The ENA has lost the plot, a very greedy mob of leaches especially when the product they have to sell contains so much carbon emissions especially in Vic with the of brown coal plants.
    If the ENA product was 100% renewables I would not be complaining, but it is not!

  10. Jim Young 4 years ago

    Has anyone noticed a problem(?) like we have in the USA with getting (or keeping) land line telephones? Isn’t that a “grid” that has become too expensive to keep adding to or even maintaining, losing the claimed convenience and reliability advantages to cell phones?

    I seem to recall central steam heating plants were once the choice for many facilities like military bases, hospitals, large apartment complexes, office buildings, etc. They seemed the way to reduce the costs to the operators and tenants (and have even improved a lot with better Combined Heat and Power plants), but now, instead of just reducing costs, it seems they seek far higher profits/rents so the tenants costs are relatively much higher than they need to be (from the renters point of view).

    The profiteers, trying to grow profits from fossil fuels, no matter the consequences, seem to me something like tour guides for Mastodon victims to the Tar Pits. I wonder if our remains will be as well preserved.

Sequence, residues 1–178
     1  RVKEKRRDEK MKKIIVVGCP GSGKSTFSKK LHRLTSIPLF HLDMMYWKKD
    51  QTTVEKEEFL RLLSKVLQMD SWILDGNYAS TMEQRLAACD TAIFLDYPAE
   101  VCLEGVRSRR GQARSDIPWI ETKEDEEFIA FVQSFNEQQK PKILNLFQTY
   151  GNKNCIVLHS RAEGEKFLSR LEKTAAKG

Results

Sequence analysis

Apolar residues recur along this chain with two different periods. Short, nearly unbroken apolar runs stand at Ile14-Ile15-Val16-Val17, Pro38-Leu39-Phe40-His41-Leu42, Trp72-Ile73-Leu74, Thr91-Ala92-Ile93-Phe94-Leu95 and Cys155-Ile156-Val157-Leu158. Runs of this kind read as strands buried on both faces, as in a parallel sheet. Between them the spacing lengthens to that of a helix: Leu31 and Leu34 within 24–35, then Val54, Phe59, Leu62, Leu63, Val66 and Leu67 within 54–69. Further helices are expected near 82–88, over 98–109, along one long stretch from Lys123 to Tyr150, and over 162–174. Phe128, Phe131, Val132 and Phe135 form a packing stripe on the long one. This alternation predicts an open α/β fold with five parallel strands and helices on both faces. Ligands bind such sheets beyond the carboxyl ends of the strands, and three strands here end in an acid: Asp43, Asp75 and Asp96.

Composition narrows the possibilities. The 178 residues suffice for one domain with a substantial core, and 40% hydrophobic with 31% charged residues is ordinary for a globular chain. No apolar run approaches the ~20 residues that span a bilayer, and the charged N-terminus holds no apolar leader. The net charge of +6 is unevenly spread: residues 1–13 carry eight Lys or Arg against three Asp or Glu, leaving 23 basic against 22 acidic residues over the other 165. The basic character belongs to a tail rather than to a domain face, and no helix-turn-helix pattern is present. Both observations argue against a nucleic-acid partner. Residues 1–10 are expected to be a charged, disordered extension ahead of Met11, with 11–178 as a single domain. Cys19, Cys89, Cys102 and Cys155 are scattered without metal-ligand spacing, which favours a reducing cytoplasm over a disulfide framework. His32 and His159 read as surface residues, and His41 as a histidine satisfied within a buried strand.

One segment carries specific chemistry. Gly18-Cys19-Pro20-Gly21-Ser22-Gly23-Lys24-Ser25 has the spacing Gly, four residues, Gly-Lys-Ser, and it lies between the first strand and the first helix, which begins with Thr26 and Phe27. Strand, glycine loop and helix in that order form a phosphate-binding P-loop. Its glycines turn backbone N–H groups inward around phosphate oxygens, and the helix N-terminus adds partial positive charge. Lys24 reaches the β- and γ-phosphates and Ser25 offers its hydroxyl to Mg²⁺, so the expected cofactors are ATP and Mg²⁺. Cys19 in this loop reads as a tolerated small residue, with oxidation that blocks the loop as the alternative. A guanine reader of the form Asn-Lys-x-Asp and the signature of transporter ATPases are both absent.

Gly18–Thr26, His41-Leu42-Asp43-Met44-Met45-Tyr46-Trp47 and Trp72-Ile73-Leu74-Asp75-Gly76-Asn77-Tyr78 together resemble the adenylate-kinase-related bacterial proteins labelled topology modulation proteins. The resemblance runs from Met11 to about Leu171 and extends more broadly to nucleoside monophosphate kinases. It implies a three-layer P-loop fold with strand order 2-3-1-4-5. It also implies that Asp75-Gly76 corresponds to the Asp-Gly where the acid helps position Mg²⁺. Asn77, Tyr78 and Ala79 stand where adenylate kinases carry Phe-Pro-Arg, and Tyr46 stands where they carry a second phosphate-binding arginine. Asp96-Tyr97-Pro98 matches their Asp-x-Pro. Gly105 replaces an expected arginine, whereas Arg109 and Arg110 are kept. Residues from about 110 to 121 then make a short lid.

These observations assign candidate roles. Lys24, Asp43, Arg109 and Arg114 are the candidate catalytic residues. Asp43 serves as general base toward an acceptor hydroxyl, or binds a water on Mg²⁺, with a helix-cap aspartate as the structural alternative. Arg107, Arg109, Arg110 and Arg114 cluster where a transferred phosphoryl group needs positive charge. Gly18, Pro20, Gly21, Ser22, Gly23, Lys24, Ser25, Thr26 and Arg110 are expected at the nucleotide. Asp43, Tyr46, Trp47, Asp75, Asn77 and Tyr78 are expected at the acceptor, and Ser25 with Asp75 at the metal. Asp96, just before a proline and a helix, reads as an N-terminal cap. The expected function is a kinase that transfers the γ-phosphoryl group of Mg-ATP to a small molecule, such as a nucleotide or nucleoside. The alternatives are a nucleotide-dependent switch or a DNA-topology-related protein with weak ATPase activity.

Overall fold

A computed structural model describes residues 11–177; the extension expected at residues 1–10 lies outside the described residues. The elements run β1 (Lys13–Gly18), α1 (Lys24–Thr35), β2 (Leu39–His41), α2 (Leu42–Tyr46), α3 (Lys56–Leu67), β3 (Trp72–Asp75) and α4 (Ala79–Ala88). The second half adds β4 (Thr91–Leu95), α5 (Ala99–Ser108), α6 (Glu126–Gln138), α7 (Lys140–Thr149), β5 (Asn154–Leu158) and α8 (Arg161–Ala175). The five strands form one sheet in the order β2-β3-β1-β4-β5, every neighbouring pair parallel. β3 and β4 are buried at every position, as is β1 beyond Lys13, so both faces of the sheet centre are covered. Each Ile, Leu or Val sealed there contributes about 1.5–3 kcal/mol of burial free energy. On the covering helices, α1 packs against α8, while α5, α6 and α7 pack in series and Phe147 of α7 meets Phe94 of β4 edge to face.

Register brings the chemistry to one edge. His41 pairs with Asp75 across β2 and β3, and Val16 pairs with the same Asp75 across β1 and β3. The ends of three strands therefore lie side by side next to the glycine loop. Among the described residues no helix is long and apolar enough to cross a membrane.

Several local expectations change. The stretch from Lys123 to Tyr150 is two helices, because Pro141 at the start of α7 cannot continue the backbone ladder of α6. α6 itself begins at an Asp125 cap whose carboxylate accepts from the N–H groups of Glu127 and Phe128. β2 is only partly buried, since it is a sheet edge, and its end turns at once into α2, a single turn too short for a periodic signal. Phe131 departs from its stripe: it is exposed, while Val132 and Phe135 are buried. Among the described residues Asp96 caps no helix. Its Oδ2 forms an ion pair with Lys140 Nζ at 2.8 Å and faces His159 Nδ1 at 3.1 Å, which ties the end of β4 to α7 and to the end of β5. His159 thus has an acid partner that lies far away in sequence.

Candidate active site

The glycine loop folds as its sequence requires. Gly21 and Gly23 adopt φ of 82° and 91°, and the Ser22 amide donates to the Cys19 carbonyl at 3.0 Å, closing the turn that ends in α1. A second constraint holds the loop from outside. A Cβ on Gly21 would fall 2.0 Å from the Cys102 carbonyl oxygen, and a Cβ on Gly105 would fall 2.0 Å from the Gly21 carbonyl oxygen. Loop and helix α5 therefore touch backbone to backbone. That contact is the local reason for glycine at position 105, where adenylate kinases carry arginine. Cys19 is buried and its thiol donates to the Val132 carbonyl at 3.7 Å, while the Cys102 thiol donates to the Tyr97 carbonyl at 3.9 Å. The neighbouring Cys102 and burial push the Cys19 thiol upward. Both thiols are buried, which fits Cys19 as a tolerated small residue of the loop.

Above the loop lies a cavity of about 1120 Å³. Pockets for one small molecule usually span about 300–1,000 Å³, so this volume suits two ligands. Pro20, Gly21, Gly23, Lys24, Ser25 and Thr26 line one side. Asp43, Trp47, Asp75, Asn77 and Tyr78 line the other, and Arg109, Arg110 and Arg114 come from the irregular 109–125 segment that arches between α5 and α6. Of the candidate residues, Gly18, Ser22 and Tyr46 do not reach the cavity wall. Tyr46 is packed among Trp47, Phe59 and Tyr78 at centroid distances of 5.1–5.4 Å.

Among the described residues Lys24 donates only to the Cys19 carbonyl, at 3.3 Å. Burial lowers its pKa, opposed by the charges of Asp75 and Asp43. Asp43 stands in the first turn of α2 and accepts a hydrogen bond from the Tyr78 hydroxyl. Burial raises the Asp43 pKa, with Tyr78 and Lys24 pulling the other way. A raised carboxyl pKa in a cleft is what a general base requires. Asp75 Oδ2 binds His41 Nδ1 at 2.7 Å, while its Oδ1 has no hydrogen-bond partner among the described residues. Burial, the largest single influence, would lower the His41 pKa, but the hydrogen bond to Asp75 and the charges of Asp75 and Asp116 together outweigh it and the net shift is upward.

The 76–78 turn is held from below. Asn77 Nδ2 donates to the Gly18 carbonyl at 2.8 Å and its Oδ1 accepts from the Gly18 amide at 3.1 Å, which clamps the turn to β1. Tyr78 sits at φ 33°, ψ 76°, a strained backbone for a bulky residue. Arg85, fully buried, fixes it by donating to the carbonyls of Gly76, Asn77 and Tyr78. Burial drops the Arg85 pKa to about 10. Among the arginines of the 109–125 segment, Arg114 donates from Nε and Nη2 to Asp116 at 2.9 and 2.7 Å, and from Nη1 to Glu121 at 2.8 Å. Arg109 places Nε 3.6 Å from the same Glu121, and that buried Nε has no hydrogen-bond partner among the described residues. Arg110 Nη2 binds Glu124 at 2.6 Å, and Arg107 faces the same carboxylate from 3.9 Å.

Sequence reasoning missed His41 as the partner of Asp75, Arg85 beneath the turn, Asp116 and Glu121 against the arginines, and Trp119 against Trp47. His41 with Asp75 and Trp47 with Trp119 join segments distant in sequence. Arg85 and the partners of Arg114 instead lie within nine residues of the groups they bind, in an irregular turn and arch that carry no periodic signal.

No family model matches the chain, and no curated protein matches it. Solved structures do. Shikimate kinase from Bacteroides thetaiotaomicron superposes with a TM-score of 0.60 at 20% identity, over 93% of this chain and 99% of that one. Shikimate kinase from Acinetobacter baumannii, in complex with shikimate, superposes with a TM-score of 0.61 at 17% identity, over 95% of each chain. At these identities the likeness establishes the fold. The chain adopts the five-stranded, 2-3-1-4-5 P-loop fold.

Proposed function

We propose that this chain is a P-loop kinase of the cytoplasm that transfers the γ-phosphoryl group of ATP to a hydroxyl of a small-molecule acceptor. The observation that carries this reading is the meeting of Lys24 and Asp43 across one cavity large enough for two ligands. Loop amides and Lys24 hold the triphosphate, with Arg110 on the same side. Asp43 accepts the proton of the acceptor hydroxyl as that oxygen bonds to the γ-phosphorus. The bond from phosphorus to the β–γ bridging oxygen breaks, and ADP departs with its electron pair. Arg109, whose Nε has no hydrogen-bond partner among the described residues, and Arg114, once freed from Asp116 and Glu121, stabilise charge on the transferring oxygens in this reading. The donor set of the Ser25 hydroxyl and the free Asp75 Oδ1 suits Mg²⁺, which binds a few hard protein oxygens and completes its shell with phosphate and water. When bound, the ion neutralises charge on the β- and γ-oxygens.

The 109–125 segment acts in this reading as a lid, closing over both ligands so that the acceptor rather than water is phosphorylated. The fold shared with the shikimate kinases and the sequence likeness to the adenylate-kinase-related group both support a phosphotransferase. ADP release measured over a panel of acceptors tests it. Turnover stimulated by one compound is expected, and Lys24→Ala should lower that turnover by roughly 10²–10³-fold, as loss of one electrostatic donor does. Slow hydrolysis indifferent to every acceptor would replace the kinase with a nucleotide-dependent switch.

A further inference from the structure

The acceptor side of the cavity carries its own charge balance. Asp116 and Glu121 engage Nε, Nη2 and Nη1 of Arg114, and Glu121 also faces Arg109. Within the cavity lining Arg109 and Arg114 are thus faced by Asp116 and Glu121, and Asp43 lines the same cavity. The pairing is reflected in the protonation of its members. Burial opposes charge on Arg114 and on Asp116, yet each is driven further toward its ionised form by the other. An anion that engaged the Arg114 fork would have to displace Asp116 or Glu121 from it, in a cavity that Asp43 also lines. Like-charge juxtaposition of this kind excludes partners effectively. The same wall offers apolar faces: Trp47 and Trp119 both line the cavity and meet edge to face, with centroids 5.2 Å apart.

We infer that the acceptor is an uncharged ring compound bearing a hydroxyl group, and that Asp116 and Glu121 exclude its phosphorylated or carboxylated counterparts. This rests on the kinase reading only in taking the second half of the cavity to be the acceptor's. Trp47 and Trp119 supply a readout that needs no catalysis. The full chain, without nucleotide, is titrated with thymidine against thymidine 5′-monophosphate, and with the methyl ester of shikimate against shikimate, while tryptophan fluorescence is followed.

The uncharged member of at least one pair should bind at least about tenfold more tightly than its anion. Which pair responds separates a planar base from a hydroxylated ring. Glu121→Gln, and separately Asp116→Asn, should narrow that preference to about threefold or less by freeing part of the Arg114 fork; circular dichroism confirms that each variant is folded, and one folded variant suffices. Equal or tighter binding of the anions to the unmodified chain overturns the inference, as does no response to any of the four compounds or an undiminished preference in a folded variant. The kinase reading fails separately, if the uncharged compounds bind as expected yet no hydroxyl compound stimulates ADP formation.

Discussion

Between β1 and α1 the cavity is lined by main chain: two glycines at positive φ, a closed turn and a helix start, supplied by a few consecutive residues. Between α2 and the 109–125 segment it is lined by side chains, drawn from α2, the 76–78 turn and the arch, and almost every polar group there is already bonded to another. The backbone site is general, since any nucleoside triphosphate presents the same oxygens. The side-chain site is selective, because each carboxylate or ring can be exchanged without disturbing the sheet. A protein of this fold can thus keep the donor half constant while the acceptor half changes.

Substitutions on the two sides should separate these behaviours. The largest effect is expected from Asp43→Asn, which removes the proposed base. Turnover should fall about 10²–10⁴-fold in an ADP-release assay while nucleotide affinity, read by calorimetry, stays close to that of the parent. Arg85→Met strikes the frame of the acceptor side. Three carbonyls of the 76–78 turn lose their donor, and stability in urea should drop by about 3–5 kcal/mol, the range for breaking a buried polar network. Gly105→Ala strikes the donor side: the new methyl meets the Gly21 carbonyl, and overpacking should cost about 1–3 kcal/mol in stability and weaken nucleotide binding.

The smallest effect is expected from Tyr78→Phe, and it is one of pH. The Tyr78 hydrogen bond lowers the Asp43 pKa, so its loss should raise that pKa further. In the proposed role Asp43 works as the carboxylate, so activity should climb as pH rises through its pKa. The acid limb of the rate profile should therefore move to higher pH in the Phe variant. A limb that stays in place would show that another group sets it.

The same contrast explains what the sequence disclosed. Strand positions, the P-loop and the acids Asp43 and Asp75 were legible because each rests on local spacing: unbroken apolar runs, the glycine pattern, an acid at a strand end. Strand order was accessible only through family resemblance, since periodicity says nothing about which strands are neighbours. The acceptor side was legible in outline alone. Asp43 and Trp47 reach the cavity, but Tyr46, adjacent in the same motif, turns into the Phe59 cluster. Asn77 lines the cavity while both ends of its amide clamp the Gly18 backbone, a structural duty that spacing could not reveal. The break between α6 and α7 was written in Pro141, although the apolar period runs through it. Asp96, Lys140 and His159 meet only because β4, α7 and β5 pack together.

• Math Geurts 4 years ago

      Living off-grid: a “disease” of affluence”

      Indian Villagers Protest ‘Fake’ Solar Energy From Greenpeace-Built Microgrid

      • Jim Young 4 years ago

        “The Daily Caller”? Perhaps we need to get some eyes we trust on the scene. I recall something about Enron claiming their “loses” in India back around the turn of the century were due to massive number of grid thieves illegally tapping into the grid. From what I could see, it seemed there was a thriving level of corruption connected with the grids, and many supposed police and pirates helping the thieves for all sorts of reasons and bribes.

        I would think local solar would be less susceptible to such tapping into, though it might be more so to thieves that steal the panels and other equipment (like the flat panel monitors were around here when they first came out). The huge reductions in price seem to have reduced the thefts to negligible amounts, as I would expect them to do so for solar panels (thieves can’t get the prices they used to, so they are less worth stealing).

        Are those Villagers fake grass roots groups, or simply oversold on the “benefits” of tying their futures to profiteers more than being essentially energy independent?

  11. Math Geurts 4 years ago

    “A theoretical example would be a disappointed consumer whose power-limited Tesla Powerwall trips off because it can’t simultaneously power the HVAC, refrigerator, and flatscreen TV, even though it has the energy to do so”